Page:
Entries Beginning with D
"Dancing With The Moonlit Knight," Genesis
First track off of 1973's "Selling England By The Pound"
One of the King of Pop's great hits :)
From the 1969 album Live/Dead, I've heard it played in its entirety a few times by Deadhead DJs despite its length. As far as I know it is the longest rock song of the 60s.
Mainly instrumental, with Schilling whispering on occasion
"A Day," Styx
From the album Styx II
"The Day That Never Comes," Metallica
This one is so long that even the audience isn't sure when it ends.
It's 20 seconds shorter than 'Aja' which is on the same album "Aja".
Taken from their 1971's self-titled debut "REO Speedwagon."
A version of Traffic's hit
This is probably the only Leonrad Cohen song this long, it is 2 minutes and 59 seconds shorter than Desolation Row by Bob Dylan (one of Leonard Cohen's idols).
"Decline, The," NOFX
The Decline... Awesome song by NOFX... awefully long though.
"Delirium Cordia," Fantomas Lenght:74:17
Despite what people might say (or think) there are lyrics. "One, Two, Three, Four", and some other things that I don't quite hear or understand.
love this song. two part song and he wrote it for his ex-girlfriend or ex-wife
This song tells a story between a man and a woman, who are in love. They are criminals, and later they die. The story continues on their second album, Three Cheers For Sweet Revenge, which begins with "Helena", a song taking place at a funeral.
I'm surprised this one hasn't been submitted yet, this song is noted for it's length. The original take of this song (the version on Highway 61 RV is a later take) is a tone lower and played slow enough that although it didn't have any harmonica verses (the Highway 61 version has one separating the final verse from the rest of the song, and another after it), it is 40 seconds longer, and had that version been used, would have been Dylan's longest release until Highlands, on his 1997 album Time out of Mind.
The over 500 verse song was named the world's longest pop song by the Guiness Book of World Records.
"Devil's Sweet," Chicago
Chicago VII featured several instrumental tracks with a heavy jazz influence. This instrumental track was the longest on the two-album set.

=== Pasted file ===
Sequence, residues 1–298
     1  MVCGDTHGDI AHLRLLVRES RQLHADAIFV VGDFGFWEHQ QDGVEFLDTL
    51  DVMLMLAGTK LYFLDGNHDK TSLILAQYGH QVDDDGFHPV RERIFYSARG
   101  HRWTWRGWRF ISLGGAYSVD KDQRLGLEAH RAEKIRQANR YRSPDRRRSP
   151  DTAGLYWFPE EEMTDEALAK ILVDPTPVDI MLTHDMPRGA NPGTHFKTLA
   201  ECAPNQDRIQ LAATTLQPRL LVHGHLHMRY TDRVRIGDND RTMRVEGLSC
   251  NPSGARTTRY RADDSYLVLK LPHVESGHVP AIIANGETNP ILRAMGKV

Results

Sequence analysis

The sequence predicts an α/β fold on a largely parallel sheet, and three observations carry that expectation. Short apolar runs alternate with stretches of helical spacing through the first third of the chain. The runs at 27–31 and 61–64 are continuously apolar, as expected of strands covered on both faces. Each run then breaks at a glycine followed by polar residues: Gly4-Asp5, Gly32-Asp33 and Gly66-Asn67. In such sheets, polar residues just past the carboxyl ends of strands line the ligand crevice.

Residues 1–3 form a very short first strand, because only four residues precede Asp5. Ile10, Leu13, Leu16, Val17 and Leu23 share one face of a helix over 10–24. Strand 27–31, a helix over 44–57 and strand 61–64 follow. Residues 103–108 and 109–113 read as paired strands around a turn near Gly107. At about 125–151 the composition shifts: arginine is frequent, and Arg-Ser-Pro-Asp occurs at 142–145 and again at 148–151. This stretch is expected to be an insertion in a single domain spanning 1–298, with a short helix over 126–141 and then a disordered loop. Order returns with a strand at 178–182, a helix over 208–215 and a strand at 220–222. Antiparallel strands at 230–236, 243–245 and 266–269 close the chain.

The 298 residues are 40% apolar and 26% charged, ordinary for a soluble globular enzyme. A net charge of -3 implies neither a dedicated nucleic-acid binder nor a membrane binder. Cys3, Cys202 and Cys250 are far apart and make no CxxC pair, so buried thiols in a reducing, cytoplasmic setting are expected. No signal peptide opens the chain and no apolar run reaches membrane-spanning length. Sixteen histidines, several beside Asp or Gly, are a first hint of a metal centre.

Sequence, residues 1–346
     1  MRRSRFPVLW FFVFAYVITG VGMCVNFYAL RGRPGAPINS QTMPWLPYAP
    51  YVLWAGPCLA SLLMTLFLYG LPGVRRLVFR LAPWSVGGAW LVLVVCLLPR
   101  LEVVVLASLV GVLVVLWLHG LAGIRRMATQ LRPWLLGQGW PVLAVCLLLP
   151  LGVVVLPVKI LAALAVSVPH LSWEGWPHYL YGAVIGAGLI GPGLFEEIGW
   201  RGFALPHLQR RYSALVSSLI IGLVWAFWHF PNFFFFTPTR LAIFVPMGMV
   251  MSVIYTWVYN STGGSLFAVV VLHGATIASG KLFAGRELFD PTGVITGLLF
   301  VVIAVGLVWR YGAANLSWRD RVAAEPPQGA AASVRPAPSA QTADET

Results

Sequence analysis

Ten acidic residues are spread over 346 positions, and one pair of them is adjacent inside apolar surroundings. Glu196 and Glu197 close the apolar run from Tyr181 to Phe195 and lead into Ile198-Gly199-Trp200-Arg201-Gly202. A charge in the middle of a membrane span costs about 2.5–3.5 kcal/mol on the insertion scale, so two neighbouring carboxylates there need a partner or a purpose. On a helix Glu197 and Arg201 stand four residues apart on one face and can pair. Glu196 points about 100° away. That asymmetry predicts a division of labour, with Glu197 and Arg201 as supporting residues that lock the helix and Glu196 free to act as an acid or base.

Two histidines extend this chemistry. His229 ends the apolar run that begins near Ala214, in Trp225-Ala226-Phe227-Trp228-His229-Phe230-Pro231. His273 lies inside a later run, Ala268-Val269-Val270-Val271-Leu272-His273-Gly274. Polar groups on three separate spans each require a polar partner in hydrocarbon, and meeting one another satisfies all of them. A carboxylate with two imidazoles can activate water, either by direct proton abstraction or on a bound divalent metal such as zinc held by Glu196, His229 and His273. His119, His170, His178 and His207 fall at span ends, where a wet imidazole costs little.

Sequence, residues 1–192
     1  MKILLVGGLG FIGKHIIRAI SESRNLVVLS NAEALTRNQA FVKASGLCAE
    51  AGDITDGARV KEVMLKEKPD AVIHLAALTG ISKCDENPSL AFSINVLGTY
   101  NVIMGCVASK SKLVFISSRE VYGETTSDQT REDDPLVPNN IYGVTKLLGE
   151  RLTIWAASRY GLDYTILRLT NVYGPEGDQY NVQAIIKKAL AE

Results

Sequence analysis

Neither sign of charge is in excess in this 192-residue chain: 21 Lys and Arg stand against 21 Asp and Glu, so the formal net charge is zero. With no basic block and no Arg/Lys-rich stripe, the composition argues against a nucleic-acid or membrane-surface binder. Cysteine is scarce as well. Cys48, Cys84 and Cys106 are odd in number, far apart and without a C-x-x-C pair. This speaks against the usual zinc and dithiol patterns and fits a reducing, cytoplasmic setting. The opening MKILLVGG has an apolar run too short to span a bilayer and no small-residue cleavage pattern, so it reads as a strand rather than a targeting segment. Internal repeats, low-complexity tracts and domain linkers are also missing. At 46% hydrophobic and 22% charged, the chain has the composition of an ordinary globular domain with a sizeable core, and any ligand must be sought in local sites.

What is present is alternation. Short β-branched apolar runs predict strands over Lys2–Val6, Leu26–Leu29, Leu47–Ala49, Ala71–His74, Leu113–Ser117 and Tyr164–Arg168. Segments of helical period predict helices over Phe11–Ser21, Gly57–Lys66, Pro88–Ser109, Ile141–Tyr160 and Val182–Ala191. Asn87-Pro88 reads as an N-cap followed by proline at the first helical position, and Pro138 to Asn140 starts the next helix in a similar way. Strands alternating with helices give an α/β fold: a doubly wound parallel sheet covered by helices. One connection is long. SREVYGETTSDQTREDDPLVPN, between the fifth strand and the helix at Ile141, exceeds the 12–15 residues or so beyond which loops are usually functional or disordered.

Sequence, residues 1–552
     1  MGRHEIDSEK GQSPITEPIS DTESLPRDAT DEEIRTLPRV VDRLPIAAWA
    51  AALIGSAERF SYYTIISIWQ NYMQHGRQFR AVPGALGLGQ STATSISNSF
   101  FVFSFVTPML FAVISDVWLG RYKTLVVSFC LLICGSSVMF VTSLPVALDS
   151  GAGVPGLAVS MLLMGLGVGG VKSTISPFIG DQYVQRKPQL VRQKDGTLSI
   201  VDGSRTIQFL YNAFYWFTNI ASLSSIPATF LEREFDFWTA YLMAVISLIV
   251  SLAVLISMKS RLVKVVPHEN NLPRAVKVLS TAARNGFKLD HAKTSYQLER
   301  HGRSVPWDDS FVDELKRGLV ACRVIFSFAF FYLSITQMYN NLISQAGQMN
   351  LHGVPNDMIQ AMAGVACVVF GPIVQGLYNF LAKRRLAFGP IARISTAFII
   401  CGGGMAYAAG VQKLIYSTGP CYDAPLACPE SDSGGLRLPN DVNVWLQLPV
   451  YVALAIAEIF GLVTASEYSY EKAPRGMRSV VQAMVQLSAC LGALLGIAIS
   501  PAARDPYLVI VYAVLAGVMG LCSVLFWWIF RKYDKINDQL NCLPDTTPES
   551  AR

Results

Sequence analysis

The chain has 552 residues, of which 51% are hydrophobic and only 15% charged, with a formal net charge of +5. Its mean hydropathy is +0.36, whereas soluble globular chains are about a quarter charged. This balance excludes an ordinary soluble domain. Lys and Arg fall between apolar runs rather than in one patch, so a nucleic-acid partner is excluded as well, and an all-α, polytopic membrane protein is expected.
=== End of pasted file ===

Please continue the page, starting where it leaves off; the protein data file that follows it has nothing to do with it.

A very good song, despite the length and ear-splitting noise. There's also an alternate ending version, which is 25:50, and there's a radio edit, which is 5:26.
The last song off the "Saturday Night Fever" soundtrack, it's one of the few R&B songs I can stand listening to for 10 minutes! Of course they edited the song for radio…
"Disco Inferno," Dread Zeppelin Lenght:6:56
A mix of the original Disco Inferno, Led Zeppelin's Kashmir, and a bit of Elvis' In The Ghetto thrown in!
"Do Me, Baby," Prince
Great song featuring Steve Winwood, Eric Clapton, Ginger Baker, and Rick Grech. They each have a part of the song where they solo, leading up to Baker's huge drum solo before returning to the theme of the song and ending in deteriorating chaos. The drum solo is somewhat similar to the one Baker played in Cream's "Toad"
Frampton's breakout hit includes extended sections featuring his famous use of a talk box which makes the guitar imitate speech patterns. The single version was edited down from the album track, which is over 14 minutes long!
Another song that was edited for radio, this was the final cut from the "Frampton Comes Alive!" album, and the station I listen to a lot is known to play the full 14-minute version.
Dogs are used to represent the megalomaniacal businessmen who destroy themselves and those around them by obsessing over their egos and their careers.
Wow, that's...quite an achievment, Roger.
Sixth track off of 1986's "Invisible Touch"
This is the extended version of "Don't Dream It's Over" by the Australian pop rock band, Crowded House. Originally from the eponymous album, the original album version of the song are 3:54 and 4:04.
"DoYaThing (feat. James Murphy and Andre 3000)," Gorillaz
"Driving the Last Spike," Genesis
This was a song about the builders of England's railroad system, many of whom died on the job.
Duchess, not to be confused with the character from Disney's "The Aristocats"
"Duke's Travels," Genesis
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